Elections of the European Parliament
Elections for the members of the European Parliament are held once every five years. There is no uniform electoral procedure for the European Parliament within Europe, nor do the elections take place on the same day in all Member States. The most recent election for the Dutch members of the European Parliament was held on 22 May 2014. The next elections will be held on 23 May 2019.
The municipal executive of each municipality is responsible for the organization of the elections.
Eligibility to vote
A voter must meet the following requirements to be entitled to cast a vote in the elections for the European Parliament:
- the voter must possess Dutch nationality or the nationality of one of the other Member States of the European Union
- the voter must be 18 years of age or over
- the voter may not be debarred from voting
The requirements for standing for election to the European Parliament are the same as the requirements for being entitled to cast a vote. Dutch nationals residing in another Member State of the European Union have a choice of participating in the Dutch elections to the European Parliament or in the elections of the Member State where they reside. As of the 2009 elections, Dutch nationals residing in the Caribbean part of the Netherlands are also eligible to vote for the European Parliament.
Registration of political parties
Political parties desiring to participate in the elections to the European Parliament under a particular name (legally referred to as: appellation) are required to have this appellation registered with the Electoral Council. Appellations registered for the elections for the Dutch House of Representatives are not automatically also registered for the elections of the members of the European Parliament.
On nomination day, all political parties submit their list of candidates to the central electoral committee: the Electoral Council. The Netherlands constitute one single electoral district for the purposes of the elections to the European Parliament. This means that only one list of candidates is submitted, together with – if applicable - thirty declarations of support. When drawing up their list of candidates, political parties may make use of the Election Supporting Software (ESS).
Polling stations are open from 7.30 a.m. to 9.00 p.m. Only special polling stations may open their doors at an earlier time. No station may be open after 9.00 p.m. As many polling stations as possible, but no fewer than 25% of the total number, must be in buildings accessible to voters with a physical impairment and be in a location that is easy to reach for such voters.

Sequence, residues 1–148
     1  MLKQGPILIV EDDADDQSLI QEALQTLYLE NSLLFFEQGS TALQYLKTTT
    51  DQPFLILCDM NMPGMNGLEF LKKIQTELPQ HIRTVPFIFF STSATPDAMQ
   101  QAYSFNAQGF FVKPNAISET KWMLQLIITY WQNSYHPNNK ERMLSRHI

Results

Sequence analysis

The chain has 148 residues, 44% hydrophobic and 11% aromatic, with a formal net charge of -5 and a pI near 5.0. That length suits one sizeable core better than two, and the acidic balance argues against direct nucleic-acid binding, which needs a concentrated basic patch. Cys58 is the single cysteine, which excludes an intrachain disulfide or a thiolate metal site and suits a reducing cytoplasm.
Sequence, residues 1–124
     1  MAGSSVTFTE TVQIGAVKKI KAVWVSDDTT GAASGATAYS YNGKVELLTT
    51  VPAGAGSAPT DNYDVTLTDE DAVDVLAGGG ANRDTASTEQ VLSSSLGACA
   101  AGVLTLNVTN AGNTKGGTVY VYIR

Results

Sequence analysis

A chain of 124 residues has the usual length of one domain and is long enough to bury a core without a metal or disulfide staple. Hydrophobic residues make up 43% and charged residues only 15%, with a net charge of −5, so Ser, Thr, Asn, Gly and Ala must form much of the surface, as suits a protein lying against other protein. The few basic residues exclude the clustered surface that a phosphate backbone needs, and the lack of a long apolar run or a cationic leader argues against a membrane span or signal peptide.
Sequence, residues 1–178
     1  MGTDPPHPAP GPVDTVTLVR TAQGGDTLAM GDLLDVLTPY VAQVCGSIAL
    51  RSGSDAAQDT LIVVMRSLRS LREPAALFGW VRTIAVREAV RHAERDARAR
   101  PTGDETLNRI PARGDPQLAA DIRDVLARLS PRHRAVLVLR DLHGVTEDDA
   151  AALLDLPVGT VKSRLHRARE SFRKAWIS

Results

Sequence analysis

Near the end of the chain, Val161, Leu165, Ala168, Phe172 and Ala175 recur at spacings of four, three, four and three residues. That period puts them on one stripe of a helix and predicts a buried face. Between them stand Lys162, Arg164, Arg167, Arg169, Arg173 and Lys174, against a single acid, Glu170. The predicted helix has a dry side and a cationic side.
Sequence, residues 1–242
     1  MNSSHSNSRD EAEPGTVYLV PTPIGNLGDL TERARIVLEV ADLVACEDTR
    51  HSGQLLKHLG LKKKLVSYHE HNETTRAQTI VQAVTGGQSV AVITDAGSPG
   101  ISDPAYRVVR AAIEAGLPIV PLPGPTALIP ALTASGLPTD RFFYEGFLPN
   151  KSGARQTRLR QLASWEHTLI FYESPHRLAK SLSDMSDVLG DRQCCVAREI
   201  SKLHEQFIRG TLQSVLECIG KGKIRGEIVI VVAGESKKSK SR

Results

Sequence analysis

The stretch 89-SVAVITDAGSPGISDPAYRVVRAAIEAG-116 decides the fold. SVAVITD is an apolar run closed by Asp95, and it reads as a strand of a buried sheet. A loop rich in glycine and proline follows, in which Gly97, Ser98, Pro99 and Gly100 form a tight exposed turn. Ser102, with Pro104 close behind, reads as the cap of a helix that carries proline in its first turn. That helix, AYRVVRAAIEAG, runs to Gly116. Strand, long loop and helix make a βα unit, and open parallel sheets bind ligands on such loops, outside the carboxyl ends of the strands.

Casting a vote
Everyone eligible to vote receives an invitation to cast their vote sent to their home address no later than fourteen days prior to election day. This invitation includes their poll card. The poll card allows the voter to cast their vote in the polling station of their choice within the municipality's borders. Holders of a voter card may cast their votes for the members of the European Parliament anywhere in the Netherlands. A Dutch voter residing abroad who is no longer registered in the Dutch Base Registry Persons, may cast their vote from abroad by letter.
Voting by proxy
Voters unable to cast their vote in person on election day may have their vote cast by proxy.
All voters casting their vote must show identification to identify themselves. Any such identification must not have been expired by more than five years.
The European Commission prescribes that publication of the election results must wait until all Member States have held their elections, so as not to unduly influence the elections in other Member States. The official results are determined by the Electoral Council in open session approximately one week after the elections. The result of the elections to the European Parliament are stored in the Electoral Council's election results database.
The Dutch members of the European Parliament are appointed by the Electoral Council. Once it has been determined that a particular candidate was elected, the European Parliament assesses whether this candidate may hold a seat as a member of the European Parliament, since not all positions held by candidates can be reconciled with membership of the European Parliament. The question whether being both a member of the European Parliament and of the Dutch Upper House or House of Representatives is incompatible, for instance, is assessed following the elections.
Overview of the elections to the European Parliament
The first elections to the European Parliament were held in 1979. At that time, the European Parliament was still composed of 410 members, representing the nine EC Member States (Belgium, the Netherlands, Luxembourg, France, Italy, Germany, Ireland, the United Kingdom, and Denmark). At present, the European Parliament is composed of 751 members (i.e.: seats), representing 28 Member States. Every Member State is represented by a fixed number of members of parliament. This number is related to the population of that State. The Dutch EU citizens are represented by 26 members of the European Parliament. Each Member State elects its own representatives in the European Parliament. The European Parliament is not composed of separate national parties, but of European parties. Such European parties are often groupings of national parties from (at least) six Member States.